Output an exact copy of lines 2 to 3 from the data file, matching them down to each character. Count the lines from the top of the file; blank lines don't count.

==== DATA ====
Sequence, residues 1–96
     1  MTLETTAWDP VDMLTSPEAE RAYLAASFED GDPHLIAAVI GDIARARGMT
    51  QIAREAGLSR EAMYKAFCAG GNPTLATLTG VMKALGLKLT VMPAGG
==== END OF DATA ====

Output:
     1  MTLETTAWDP VDMLTSPEAE RAYLAASFED GDPHLIAAVI GDIARARGMT
    51  QIAREAGLSR EAMYKAFCAG GNPTLATLTG VMKALGLKLT VMPAGG